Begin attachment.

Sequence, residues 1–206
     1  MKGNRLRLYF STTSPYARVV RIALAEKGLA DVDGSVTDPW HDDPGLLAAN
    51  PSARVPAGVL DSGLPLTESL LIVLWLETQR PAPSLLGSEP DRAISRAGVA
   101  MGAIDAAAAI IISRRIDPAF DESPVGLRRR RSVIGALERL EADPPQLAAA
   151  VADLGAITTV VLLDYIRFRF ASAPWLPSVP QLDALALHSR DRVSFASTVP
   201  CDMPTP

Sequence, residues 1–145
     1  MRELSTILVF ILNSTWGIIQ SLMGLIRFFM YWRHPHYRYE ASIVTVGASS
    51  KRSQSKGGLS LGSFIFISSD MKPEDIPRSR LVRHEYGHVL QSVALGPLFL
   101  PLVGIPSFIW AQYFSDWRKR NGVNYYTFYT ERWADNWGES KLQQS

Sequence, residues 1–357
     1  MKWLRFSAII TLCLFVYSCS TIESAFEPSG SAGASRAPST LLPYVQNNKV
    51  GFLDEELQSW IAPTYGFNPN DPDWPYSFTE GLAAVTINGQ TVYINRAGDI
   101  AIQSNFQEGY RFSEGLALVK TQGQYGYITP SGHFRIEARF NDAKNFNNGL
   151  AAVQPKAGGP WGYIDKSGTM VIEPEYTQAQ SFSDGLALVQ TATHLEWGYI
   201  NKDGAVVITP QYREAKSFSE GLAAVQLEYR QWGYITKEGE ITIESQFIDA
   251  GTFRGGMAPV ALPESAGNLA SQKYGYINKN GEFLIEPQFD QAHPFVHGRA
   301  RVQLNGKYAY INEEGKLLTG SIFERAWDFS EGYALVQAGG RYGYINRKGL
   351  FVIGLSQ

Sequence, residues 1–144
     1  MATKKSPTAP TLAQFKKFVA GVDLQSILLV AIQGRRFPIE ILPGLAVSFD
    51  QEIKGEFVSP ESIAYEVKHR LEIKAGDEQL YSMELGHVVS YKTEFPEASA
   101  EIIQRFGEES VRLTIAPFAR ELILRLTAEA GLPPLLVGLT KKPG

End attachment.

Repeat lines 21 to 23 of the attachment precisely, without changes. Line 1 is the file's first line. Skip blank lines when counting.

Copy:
     1  MATKKSPTAP TLAQFKKFVA GVDLQSILLV AIQGRRFPIE ILPGLAVSFD
    51  QEIKGEFVSP ESIAYEVKHR LEIKAGDEQL YSMELGHVVS YKTEFPEASA
   101  EIIQRFGEES VRLTIAPFAR ELILRLTAEA GLPPLLVGLT KKPG